Empathy starts by assuming the best. Most people don’t wake up in the morning plotting ways to ruin your day. People are tired, overwhelmed and make poor choices. That doesn’t mean they are at heart hateful, heartless or anything else your mind wants to immediately label them. Teach your kids to start by assuming the best and see what happens. If you give most people a chance, you will see the good in them. Make it a family habit to look for the good in everyone, rather than acting like professional critics.
Empathy is forgiving – as often as it takes. Forgiveness is not saying you agree with those choices. It is giving them the chance to start fresh with you. How many times? The Bible says 70 times 7…indicating that we just need to start with forgiveness and not wait to be begged into it by the “guilty” party.
Empathy isn’t easy at times. In the next post, I will share some fun things you can do to help your kids become more empathetic.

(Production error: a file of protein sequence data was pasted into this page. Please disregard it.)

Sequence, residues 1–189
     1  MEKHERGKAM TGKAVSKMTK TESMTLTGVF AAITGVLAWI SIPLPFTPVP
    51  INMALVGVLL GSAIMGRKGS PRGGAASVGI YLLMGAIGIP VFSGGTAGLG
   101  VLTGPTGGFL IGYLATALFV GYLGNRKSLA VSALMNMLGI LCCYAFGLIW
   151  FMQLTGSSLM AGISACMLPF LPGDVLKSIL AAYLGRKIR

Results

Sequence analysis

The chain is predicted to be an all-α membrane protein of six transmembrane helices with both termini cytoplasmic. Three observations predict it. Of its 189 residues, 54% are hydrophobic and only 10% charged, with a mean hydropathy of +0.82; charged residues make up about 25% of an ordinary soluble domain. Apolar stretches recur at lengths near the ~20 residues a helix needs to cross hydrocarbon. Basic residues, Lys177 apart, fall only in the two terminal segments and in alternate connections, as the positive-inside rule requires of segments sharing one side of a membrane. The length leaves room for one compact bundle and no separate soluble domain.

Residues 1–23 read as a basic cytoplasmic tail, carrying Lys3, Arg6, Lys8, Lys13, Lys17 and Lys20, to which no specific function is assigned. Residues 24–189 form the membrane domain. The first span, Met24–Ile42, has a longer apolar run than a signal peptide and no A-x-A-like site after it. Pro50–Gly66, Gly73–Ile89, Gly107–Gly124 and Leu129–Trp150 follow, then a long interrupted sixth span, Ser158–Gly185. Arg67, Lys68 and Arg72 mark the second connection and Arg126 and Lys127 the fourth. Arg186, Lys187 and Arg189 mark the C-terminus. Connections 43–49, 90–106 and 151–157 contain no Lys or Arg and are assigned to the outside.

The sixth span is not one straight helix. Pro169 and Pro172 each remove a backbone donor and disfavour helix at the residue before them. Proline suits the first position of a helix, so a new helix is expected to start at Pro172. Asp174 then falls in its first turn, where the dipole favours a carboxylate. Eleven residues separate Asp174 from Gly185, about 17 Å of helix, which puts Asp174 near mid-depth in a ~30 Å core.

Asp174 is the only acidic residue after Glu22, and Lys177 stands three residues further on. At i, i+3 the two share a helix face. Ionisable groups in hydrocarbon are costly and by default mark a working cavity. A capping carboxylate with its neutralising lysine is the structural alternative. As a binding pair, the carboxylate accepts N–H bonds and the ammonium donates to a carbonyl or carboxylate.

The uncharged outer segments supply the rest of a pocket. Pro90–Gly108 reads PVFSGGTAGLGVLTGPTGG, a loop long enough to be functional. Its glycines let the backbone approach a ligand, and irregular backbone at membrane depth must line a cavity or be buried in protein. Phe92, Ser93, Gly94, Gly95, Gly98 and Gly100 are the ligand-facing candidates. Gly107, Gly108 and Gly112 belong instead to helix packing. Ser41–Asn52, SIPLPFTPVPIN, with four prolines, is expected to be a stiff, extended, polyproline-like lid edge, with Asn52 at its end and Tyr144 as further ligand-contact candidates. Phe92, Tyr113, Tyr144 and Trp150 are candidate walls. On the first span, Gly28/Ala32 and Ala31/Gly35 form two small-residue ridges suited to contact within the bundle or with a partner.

Love is a tricky subject. There’s only one word for it in English. It’s easy for your child to think the butterflies caused by the person he or she is dating is the same love your child is looking for in a potential future spouse.
Hopefully, you’ve been talking about dating, love and marriage with your child for years. Or perhaps you haven’t discussed it at all, thinking it would work out well regardless. Your child may be a young teen with a crush on a schoolmate or a young adult hoping to marry in the next few years. Is there anything you can do at this point to help your child through this critical stage? Yes, but you need to be very careful.
It’s important to remember, ultimately this is your child’s life and decision. If you have a healthy relationship with your child though, you can probably do these things to help.